An opinion piece, ‘Origin of spices,’ talks of America’s growing willingness to taste foods from outside the country, but claims that Bush is less adventurous.
“George 'Dubya' Bush is a conservative not just in the political sense but also, it seems, in matters gastronomic. Unlike his predecessor Bill Clinton, saucy tales of whose pre-heart trouble gluttony is the lore of kitchens in Washington DC's Bombay Club and Delhi's Bukhara, Bush is not known to have succumbed to any spicy blandishments.
“Even his father, Bush I, is more adventurous, seeking out the Peking Duck Restaurant in Virginia in moments of nostalgia for his stint as the US ambassador in Beijing.
“But give Dubya a double cheeseburger any day, and he will chomp it down, confident that he can burn it off on the treadmill next day. The man is a fitness maniac.”
The author of this column called “Dubya-Wubya” sets himself inside Bush’s mind, a mind which in his opinion is not particularly intelligent:
“Condy says that the most important thing on my agenda in India is the nuclear deal. After all these years of sayin' 'no' to the Indian nuclear program, the US now wants to help India nuclearise like all get out.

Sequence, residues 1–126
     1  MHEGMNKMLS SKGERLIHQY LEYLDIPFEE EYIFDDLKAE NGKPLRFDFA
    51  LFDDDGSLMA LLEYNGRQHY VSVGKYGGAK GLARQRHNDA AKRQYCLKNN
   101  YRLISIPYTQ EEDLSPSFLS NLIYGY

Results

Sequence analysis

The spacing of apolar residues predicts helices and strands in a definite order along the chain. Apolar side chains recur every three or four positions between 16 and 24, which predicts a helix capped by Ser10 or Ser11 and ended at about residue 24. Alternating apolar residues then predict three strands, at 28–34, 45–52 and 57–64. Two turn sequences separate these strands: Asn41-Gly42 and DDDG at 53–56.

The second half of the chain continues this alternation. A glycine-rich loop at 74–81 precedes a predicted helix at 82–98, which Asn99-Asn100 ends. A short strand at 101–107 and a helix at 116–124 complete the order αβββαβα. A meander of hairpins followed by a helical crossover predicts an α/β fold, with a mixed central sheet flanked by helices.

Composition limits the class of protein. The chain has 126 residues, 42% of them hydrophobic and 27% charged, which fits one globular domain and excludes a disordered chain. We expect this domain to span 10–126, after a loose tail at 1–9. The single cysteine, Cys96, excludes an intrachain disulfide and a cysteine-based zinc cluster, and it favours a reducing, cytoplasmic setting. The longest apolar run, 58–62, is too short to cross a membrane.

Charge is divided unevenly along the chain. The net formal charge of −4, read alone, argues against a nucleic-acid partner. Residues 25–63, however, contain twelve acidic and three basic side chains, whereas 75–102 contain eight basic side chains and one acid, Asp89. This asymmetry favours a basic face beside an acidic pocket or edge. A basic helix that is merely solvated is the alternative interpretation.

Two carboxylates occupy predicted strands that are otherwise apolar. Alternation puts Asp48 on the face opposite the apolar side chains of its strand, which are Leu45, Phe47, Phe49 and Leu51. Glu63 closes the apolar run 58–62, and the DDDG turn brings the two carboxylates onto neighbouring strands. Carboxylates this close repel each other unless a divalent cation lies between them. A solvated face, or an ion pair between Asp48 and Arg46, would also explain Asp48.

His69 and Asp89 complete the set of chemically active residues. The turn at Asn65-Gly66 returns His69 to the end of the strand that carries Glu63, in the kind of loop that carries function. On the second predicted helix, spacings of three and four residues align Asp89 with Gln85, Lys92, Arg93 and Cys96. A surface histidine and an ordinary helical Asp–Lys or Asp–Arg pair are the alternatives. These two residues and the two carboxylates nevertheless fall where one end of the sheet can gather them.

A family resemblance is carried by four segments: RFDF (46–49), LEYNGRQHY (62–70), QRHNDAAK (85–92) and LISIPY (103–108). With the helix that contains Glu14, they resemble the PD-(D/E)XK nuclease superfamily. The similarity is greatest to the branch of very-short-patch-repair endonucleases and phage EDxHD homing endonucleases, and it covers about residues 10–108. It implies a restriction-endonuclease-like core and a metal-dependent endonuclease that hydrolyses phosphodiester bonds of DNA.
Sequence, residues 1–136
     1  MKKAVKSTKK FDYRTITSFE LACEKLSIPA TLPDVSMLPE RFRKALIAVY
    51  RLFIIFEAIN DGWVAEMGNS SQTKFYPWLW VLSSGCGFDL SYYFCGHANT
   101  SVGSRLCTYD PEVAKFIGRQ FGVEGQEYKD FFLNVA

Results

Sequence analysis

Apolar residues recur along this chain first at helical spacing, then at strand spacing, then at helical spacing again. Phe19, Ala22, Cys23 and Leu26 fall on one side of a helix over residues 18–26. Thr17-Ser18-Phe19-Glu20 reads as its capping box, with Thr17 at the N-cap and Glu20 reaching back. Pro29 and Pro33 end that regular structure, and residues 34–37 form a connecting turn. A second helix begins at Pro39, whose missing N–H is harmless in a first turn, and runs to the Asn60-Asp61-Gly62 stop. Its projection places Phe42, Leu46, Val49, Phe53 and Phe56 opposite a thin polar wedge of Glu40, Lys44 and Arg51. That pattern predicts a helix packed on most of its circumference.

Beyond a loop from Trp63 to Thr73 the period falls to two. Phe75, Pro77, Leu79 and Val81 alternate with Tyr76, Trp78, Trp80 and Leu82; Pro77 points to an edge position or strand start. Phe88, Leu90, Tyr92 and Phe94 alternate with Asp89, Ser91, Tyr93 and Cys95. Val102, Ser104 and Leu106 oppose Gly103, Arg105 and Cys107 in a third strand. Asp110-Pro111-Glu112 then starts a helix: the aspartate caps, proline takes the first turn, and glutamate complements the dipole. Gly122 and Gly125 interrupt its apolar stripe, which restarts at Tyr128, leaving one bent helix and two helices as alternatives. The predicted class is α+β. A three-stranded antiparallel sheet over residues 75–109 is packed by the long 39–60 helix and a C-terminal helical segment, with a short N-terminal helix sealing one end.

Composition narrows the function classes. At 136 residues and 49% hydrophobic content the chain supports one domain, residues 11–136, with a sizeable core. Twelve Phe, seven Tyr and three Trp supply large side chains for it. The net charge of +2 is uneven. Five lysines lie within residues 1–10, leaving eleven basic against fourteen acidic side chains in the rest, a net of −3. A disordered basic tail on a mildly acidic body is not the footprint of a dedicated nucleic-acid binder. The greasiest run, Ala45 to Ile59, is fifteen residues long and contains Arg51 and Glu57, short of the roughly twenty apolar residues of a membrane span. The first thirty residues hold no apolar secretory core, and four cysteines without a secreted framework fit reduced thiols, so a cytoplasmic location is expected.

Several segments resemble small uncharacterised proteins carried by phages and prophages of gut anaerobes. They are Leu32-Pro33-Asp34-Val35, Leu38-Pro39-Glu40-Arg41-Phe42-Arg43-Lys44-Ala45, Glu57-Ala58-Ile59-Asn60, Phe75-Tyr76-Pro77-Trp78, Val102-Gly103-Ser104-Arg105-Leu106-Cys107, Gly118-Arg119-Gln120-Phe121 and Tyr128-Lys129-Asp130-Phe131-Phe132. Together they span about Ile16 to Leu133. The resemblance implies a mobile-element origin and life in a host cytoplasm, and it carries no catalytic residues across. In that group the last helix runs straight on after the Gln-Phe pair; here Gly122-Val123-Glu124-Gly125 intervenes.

“I ask Condy why. An' she tells me that if we don't give India nuclear energy, India and China will burn up all the world's oil. An' that would never do.
'Cos as a Texas oil man I know that it's only the US in general — an' Texas in particular — which has the God-given right to burn up all the world's oil.”
This Hindustan Times column, “We’re both democrats,” labels individuals in the Bush administration by their political ideologies, labels which would no doubt be contested in other journals:
“A significant proportion of India's intelligentsia looks upon George W. Bush with derision. To them, he represents the image of a cowboy who shoots from the hip and a man who is least aware of the complexities of the world beyond the shores of the US. These people recall that when he took office, he couldn't remember the names of India's prime minister or that of Pakistan's president.